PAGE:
Other circumstances have changed since the case was filed: in 1997, "compassionate release" became California state law. The law, co-authored by Judy Greenspan, stipulates that prisoners who are terminally ill can be released before parole is due-- provided it’s recommended by prison officials and granted by a specially appointed judge.  

But activists charge that the law is underused. In fact, Greenspan says that compassionate release-- which was a clause in a different early-release law before it became legislation of its own-- dropped after the law was signed. “What we wanted to be a medical procedure became a political one. No one [at the Calif. Dept. of Corrections] wanted to risk [looking like] they were soft on criminals.”

Having exhausted legal methods for changing prison health standards, and faced with explosive prison population growth, prisoners’ rights activists say they will continue fighting for justice behind the barbed wire.

On April 27, fifty prison activists-- mostly from the Bay Area-- drove down to Chowchilla, a small town in the Great Central Valley, to protest outside the gates of CCWF.

The protest featured a plethora of speakers. Heidi Strupp of the LSPC referenced a visit only days before by activists and the Dept. of Health Services: "They spent all morning trying to find a way to get us out of there." The DHS was investigating over eight recent complaints by inmates.

She and many other speakers called for a wide range of reforms, including an independent investigation into the prison, a new staff for the SNF, and more compassionate releases.

Greenspan says that such reforms are a possibility, despite the small size of the protest. “I think all the pressure is helping. I think that conditions may change a little bit about for the better... They [the DHS] are taking these complaints very seriously... The SNF might lose its license because of this,” forcing the prison to upgrade its care standards. She cites the recent upswing in prison-related activism, if not in health care issues specifically, as a reason for hope.

One of the speakers read a recent statement from Dee Garcia, a SNF inmate: “We’re the forgotten population... I was wheeled in here in an ambulance. Will I be wheeled out of here in a hearse?”

The protesters also intended to hand-deliver a list of demands for better medical treatment to Prison Warden Gwendolyn Mitchell, but that goal met with no success. "We have no one here to accept that," V. Versage, a guard stationed at the prison’s main entrance, told the group. He explained that it was policy for guards to not accept documents of any kind at the gates.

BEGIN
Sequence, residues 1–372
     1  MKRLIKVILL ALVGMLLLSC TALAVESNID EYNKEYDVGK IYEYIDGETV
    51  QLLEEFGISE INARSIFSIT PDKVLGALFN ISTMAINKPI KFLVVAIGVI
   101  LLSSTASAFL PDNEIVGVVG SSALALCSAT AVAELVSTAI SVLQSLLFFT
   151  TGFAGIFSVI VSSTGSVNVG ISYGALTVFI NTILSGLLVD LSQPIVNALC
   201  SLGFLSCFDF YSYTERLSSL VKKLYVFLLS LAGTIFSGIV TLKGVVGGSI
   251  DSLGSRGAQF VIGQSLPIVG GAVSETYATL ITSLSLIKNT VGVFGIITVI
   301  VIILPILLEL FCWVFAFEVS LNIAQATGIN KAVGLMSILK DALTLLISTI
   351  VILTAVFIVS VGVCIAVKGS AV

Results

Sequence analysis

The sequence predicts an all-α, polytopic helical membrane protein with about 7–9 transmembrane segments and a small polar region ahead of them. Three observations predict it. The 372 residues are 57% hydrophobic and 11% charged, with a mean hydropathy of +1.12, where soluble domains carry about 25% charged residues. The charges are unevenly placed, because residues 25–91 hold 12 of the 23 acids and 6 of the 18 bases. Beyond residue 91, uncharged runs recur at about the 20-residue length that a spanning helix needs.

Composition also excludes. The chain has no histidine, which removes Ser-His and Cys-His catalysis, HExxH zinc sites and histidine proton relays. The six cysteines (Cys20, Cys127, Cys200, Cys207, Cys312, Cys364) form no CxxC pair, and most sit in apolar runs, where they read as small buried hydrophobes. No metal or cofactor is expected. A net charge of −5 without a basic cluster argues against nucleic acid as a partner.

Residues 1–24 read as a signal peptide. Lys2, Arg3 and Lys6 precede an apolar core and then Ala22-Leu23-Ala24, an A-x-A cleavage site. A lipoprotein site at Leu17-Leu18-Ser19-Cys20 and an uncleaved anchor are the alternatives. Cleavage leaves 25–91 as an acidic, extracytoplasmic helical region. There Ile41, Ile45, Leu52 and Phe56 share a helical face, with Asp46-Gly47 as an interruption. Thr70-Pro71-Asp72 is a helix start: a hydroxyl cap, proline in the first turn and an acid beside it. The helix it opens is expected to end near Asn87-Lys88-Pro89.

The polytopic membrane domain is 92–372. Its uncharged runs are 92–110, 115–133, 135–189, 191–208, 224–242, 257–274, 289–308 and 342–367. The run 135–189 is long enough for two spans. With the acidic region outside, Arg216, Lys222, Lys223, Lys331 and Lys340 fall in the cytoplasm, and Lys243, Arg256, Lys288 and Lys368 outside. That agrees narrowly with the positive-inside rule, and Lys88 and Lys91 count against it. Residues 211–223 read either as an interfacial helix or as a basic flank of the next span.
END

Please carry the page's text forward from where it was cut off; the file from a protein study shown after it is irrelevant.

Warden Mitchell was not available, as she was not working on Saturday. After telling Greenspan to mail or fax the letter to the warden, Versage told the group that he "would appreciate it" if they moved back to the street.
Greenspan proclaimed that they would not only fax the demands, but would request a meeting held between activists, prison officials, and inmates in the SNF.

Although Greenspan admits that the chances of the meeting are slim, she also says that it’s important to the morale of the women inside to continue seeking change. She maintains that the activists exist as a means of support and a method of conveying news of the injustice inside lock-up to others outside, and they will continue to protest poor care as long as the women inside ask them to.

“We don’t want to speak for the prisoners, we want to orchestrate their voices.”

And in the end, they hope, perhaps keep those voices from falling silent forever.
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NegativitypearlMonday Feb 28th, 2005 6:51 PM
There is NO crime worth the timenyima metokTuesday Feb 3rd, 2004 6:47 PM
Gray DavisLoriSaturday Aug 16th, 2003 1:50 AM
MrsKate WebsterSaturday Dec 21st, 2002 6:48 PM
MR.BorskiMonday Sep 2nd, 2002 7:47 PM
HINDSIGHT20/20Sunday Aug 18th, 2002 10:56 PM
Moral of the story:don't get caughtFriday Aug 16th, 2002 2:18 PM
specialkKarenFriday Aug 16th, 2002 1:33 PM
Who's in prison?TessuraeaWednesday Jul 24th, 2002 12:23 PM
to zero tolerancepatrick henryThursday Jul 11th, 2002 8:32 PM